The Medical Model of Disability

What is the medical model of disability and how does it apply to education?

Traditionally, Disabled people were seen as being disabled by their impairments (eg blindness or autism). If you cure their impairments, the issue of how Disabled people fit into society goes away. Society doesn’t have to change to accommodate them.

For example if a wheelchair user can’t get into a building, the problem is seen as being that they are in a wheelchair, not that there is no ramp.

Unfortunately this doesn’t really work because not everyone can be cured so there will always be Disabled people. If they can’t access the same education, work and social opportunities as everyone else this has huge implications for their opportunities and quality of life.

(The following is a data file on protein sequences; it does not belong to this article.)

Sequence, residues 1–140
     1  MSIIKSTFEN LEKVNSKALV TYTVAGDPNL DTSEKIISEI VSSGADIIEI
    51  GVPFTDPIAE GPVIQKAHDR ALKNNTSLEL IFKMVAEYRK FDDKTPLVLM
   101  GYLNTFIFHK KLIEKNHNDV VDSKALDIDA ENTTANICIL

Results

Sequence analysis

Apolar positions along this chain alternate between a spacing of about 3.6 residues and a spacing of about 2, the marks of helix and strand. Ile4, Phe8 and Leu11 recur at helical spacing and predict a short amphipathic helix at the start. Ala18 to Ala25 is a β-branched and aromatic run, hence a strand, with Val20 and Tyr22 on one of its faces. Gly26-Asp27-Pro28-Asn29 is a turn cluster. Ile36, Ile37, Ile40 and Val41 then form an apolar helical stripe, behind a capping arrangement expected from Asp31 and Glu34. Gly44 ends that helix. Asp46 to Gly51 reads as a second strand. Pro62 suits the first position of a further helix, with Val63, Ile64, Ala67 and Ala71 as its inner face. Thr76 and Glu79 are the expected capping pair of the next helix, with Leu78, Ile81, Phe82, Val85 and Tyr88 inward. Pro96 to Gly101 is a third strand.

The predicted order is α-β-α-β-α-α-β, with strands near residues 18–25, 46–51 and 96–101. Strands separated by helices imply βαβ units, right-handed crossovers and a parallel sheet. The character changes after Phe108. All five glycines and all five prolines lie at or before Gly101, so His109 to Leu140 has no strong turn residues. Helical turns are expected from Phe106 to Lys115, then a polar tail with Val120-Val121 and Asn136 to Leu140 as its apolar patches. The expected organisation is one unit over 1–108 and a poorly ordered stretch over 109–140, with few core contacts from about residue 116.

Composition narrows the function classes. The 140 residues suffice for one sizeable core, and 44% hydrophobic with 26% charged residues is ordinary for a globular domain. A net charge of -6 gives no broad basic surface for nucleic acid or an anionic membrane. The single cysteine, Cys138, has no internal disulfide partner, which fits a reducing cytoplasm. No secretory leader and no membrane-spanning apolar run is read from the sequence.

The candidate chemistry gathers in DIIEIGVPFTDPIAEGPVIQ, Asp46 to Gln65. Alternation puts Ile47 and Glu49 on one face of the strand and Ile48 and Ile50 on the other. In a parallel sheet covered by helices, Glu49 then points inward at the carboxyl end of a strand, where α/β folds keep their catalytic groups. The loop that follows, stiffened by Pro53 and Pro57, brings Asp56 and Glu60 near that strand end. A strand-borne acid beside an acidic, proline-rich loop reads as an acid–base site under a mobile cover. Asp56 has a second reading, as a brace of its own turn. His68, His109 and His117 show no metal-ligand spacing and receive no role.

Historically many Disabled people have been sent to special schools which have often been very medicalised. The child or young person’s education has been centred around their impairment, and how to minimise this. This doesn’t help the child or young person to become part of society, and it doesn’t help non-disabled children of the same age learn how to include them.

ALLFIE follows the social model of disability instead.

Further reading:

Inclusive education reading list for students

Resources for education professionals

More definitions